2018 is a great vintage for the Envínate wines from Tenerife. The ones from the south, from Santiago del Teide, are clearly superior to the 2017s. And the ones from the north, Taganana and Valle de la Orotava, which were better than the ones from the south in 2017, are the best wines they have produced to date. They have some new (old) vineyards in Tacoronte, a traditional zone in Tenerife, so there will be a new wine from that appellation in future years, as the first grapes will be picked in a few days.”

    Luis Gutierrez, Wine Advocate (250)

    In Stock

  • Ettore Germano Langhe Riesling Herzu 2020

    £29.95

    “Closed in a screw-capped bottle, the 2020 Langhe Riesling Hérzu opens to varietal aromas of citrus and green apple with distant hints of petrol and latex. The wine is steely and tight with a snappy, reductive quality that adds to its immediate drinking appeal. There is a point of sweet grapefruit on the close. Drink: 2022-2028. 92 points”

    Monica Larner, Wine Advocate (08/22)

    In Stock

  • F.X. Pichler Gruner Veltliner Durnsteiner Kellerberg Smaragd 2012

    £84.95

    “The Pichlers’ 2012 Gruner Veltliner Smaragd Kellerberg boasts a luscious pear and apple fruit fundament backed by a lush, glycerol-rich texture, with complementary overtones of honeysuckle and lily of the valley perfume. Yet for all of the richness my aforementioned description implies, this also boasts a remarkable sense of primary juiciness as well as lift, leading to a finish of refined, polished, succulent length, stimulatingly suffused with crushed stone and pungent Szechuan pepper. As another demonstration of how important is the character of an individual vineyard in ways that can’t be captured analytically, this wine is well over 14% in alcohol despite its buoyancy, whereas the corresponding Liebenberg at 13.5% reminds you of its alcohol and lacks levity. “One factor,” observes Lucas Pichler “is that Kellerberg is in the shadow after mid-afternoon while Liebenberg gets sun well into the evening.” Plan to follow this Kellerberg through at least 2025.Drink: 2014-2025. 94 points

    “In recent years,” notes Lucas Pichler, “we’ve been harvesting a little earlier in order to depress the alcohol levels a bit,” which in 2012 meant among other things beginning with Gruner Veltliner Federspiel already in the third week of September. After what I had tasted thus far of the vintage, I was amazed to find the Rieslings here in aggregate even finer than the Gruner Veltliners, a pattern that was to be dramatically accentuated at nearby Alzinger. (I did not get chance on my most recent visit to catch-up with Pichlers’ Sauvignon Blanc from this vintage.)”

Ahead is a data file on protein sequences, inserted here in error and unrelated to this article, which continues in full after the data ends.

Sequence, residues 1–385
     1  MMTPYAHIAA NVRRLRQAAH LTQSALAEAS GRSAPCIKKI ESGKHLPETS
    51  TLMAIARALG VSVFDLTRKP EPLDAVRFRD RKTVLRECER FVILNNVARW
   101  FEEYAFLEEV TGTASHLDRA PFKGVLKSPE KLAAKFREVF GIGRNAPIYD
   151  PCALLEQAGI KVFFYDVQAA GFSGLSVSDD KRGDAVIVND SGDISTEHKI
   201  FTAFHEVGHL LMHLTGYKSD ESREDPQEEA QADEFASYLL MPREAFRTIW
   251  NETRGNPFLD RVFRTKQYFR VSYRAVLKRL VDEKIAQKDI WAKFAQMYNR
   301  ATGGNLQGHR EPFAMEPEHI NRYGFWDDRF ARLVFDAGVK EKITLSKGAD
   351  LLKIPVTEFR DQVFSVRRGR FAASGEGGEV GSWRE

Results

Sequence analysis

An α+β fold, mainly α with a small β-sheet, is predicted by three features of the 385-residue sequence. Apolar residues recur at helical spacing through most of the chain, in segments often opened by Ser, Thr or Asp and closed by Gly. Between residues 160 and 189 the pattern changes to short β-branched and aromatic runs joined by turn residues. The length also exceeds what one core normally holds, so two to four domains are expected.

David Schildknecht, Wine Advocate (212)

    In Stock

  • F.X. Pichler Riesling Durnsteiner Kellerberg Smaragd 2012

    £84.95

    “The Pichlers’ 2012 Riesling Smaragd Kellerberg delivers an enormous concentration of lusciously rich, sweetly ripe white peach, Persian melon, grapefruit and pineapple, mingled with almond cream, blond tobacco and Szechuan pepper. Bittersweet iris perfume wafts throughout this magnificent performance, while the superbly sustained finish introduces a cyanic intensity of fruit pit whose bitterness is tamed and stimulatingly integrated thanks to sheer generosity of fruit and inner-mouth perfume. There were some shriveled berries here, notes Lucas Pichler, which no doubt contribute to the sense of opulence not to mention of sheer ripeness; yet there is only 13.5% alcohol. Plan to follow this beauty through at least 2025. Drink: 2014-2025. 95 points

    “In recent years,” notes Lucas Pichler, “we’ve been harvesting a little earlier in order to depress the alcohol levels a bit,” which in 2012 meant among other things beginning with Gruner Veltliner Federspiel already in the third week of September. After what I had tasted thus far of the vintage, I was amazed to find the Rieslings here in aggregate even finer than the Gruner Veltliners, a pattern that was to be dramatically accentuated at nearby Alzinger. (I did not get chance on my most recent visit to catch-up with Pichlers’ Sauvignon Blanc from this vintage.)”

    David Schildknecht, Wine Advocate (212)

    In Stock